HABS PROSPECTS | Will Bitten, Smart and Tenacious

Will Bitten (Photo by Amy Johnson | © Rocket Sports Media) Mandatory Credit Required

by Mike Ries, Staff Writer, AHL Report

Will Bitten (Photo by Amy Johnson | © Rocket Sports Media) Mandatory Credit Required

HAMILTON, ON. — Forward Will Bitten was selected in the third round (70th overall) by the Montreal Canadiens at the 2016 NHL Entry Draft in Buffalo. Bitten is entering his fourth season in the OHL and his second with Hamilton Bulldogs. 

In my opinion, Bitten is the brightest center prospect currently under contract with the Habs.

Former London Knight Michael McCarron is presently up with the Canadiens having played four games this season. Most expect that McCarron will be the next prospect who will make the transition to regular duty in the NHL. His overall lack of offensive upside has limited his effectiveness. Do not be surprised if Bitten becomes the top center with the Rocket of the AHL next season.

Bitten is undersized at 5-foot-10-inch and 170 pounds but that does not curtail his desire  to go to the dirty areas of the ice. Bitten will only become bigger and stronger over the next two seasons. 

The knock on Bitten is that he does not have elite skill.  But watching his game closely over the past few seasons in the OHL he does posses NHL-caliber skating which is a desirable asset for prospects playing centre. He also has a decent pro level wrist shot. And his defensive play is at an elite level in the OHL and will only continue to develop with the higher level play in the AHL next season.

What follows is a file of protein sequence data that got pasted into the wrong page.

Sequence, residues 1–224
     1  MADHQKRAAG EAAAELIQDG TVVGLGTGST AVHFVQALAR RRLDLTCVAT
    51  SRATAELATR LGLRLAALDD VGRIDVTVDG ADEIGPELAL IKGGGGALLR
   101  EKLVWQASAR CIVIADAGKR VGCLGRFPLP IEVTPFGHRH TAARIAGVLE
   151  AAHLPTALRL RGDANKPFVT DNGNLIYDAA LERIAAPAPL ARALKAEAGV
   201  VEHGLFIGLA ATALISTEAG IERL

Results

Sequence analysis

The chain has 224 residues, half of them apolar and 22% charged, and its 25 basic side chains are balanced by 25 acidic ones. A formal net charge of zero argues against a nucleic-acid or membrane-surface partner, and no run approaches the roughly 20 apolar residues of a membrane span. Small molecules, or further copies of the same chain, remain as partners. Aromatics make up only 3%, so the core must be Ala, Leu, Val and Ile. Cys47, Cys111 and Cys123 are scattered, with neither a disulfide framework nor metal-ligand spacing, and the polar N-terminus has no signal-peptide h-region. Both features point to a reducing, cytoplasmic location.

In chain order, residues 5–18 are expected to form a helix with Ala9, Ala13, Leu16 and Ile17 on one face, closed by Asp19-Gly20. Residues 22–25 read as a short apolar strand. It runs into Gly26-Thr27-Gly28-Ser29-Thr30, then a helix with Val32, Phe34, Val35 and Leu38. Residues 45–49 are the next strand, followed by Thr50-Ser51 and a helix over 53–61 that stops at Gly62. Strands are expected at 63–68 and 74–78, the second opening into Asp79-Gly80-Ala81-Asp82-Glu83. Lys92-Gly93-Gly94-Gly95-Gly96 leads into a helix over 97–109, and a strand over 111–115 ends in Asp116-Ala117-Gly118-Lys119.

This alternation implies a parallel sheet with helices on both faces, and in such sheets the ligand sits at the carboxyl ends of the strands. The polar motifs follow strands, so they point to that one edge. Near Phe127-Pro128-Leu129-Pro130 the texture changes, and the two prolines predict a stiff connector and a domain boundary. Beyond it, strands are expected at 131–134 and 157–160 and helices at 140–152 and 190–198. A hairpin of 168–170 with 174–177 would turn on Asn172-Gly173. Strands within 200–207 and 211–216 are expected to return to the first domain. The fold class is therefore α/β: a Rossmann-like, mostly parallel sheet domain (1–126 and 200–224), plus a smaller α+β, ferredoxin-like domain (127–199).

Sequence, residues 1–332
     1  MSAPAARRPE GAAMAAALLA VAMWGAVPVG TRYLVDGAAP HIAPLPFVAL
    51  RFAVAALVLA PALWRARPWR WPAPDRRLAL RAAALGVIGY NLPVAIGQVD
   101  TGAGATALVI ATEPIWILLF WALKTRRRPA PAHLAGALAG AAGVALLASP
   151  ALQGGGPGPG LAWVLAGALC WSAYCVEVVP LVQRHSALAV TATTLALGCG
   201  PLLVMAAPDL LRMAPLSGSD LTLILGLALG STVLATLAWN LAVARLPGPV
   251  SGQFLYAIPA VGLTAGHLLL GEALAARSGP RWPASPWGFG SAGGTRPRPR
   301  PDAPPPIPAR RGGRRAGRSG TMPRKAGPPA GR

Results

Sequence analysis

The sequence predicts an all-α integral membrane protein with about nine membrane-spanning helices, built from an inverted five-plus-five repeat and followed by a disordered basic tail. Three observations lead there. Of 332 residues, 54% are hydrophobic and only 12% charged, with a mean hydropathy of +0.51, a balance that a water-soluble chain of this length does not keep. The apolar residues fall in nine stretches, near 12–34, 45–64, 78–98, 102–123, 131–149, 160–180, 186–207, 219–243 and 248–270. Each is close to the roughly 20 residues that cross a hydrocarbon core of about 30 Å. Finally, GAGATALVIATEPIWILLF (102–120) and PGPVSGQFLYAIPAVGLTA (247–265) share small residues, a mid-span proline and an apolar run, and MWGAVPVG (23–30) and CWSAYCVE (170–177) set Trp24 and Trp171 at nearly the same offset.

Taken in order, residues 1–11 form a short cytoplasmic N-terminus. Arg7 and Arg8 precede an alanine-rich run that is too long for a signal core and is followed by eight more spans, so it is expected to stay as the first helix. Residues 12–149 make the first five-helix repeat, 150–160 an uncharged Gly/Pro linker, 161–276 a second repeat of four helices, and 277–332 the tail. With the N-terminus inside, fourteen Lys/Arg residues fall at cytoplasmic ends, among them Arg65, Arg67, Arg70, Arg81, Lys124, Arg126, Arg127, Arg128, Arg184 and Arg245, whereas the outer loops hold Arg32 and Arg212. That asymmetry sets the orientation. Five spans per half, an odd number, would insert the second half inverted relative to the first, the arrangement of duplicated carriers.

It is quite evident to me that Bitten processes the game at a faster speed than other players of his caliber, a high hockey IQ. With him matched up against the top opposing forwards for the past two seasons, Bitten rarely loses puck battles. With the Canadiens needing help at that position, he will continue to develop in the AHL next season.

Bitten will likely be part of Team Canada’s World Junior team this year. At the World Junior Showcase in Plymouth in August, Bitten was placed on the right-wing of the fourth line in games against Sweden and Finland. He was a healthy scratch in the game against Team USA. In the summer tournament, Bitten was one of Team Canada’s main penalty-killers and was relied on in the dying minutes of a game to protect a lead.


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